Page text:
U.S. District Court for the Eastern District of Louisiana
In June 2019, the plaintiff filed a lawsuit against multiple defendants alleging that he developed asbestos-related lung cancer. In December 2020, defendant Exxon Mobil removed this matter to the U.S. District Court for the Eastern District of Louisiana pursuant to 28 U.S.C. § 1332. One month later, the plaintiff filed a motion to remand the matter to the Civil District Court of Orleans Parish.
First, the plaintiff contended that Exxon’s removal was untimely as Exxon filed its notice of removal five months after the one-year deadline to remove under § 1332. Exxon argued that the plaintiff acted in bad faith by withholding a settlement with a co-defendant, and Exxon would have timely filed its notice to remove had it been aware of the settlement. The plaintiff asserted that the settlement made no difference as claims against a non-diverse defendant, Taylor Seidenbach, Inc. were still pending. Pursuant to Barra v. Rayborn Trucking, “[i]n determining whether a plaintiff has acted in bad faith to prevent removal, ‘the question is what motivated the plaintiff in the past-that is, whether the plaintiff’s litigation conduct was meant ‘to prevent a defendant from removing the action.'” The court was not persuaded by the plaintiff’s assertion as the plaintiff had taken few steps to litigate his claims against Seidenbach, coupled with the “extensive litigation in this Court regarding the improper joinder of … Seidenbach in asbestos cases.” Therefore, the court found that Exxon’s notice of removal was not untimely as the plaintiff acted in bad faith.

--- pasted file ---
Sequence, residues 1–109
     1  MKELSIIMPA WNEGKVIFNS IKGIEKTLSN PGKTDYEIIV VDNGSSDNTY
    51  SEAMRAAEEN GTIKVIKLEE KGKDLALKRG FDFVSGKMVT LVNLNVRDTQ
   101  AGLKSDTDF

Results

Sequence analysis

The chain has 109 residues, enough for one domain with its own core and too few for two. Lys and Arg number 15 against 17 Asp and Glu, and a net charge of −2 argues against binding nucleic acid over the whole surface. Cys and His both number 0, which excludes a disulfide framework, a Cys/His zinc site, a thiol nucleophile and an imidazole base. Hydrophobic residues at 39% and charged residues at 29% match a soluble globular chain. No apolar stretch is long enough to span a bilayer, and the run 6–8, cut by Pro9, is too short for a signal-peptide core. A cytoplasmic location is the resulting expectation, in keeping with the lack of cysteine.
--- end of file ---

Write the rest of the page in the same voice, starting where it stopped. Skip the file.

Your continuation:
The plaintiff also argued that non-diverse defendant Seidenbach was not improperly joined in this matter to defeat diversity jurisdiction. Pursuant to Crockett v. R.J. Reynolds Tobacco Co., a party may demonstrate fraudulent joinder by showing the “inability of the plaintiff to establish a cause of action against the non-diverse party in state court.” Here, the plaintiff’s experts opined that his disease was caused by asbestos-containing insulation and gaskets. However, the evidence shows that Seidenbach supplied corrugated roofing to Exxon. As such, Exxon argues that the plaintiff has not shown that he can recover against Seidenbach in state court because there is no evidence that Seidenbach’s roofing material contributed to the plaintiff’s disease, or that Seidenbach supplied asbestos-containing insulation. In light of the fact that the expert discovery deadline had passed and only ten days remained before the discovery deadline, the court agreed with Exxon. Specifically, the court noted that “Plaintiff has had [the] opportunity and has failed to produce evidence that Taylor Seidenbach supplied insulation to Exxon’s Baton Rouge facility or that his illness was caused by one of the asbestos-containing products that Taylor Seidenbach did supply to Exxon’s Baton Rouge facility.” Since complete diversity exists between the parties, the court had diversity jurisdiction over the matter. Thus, the court denied the plaintiff’s motion to remand.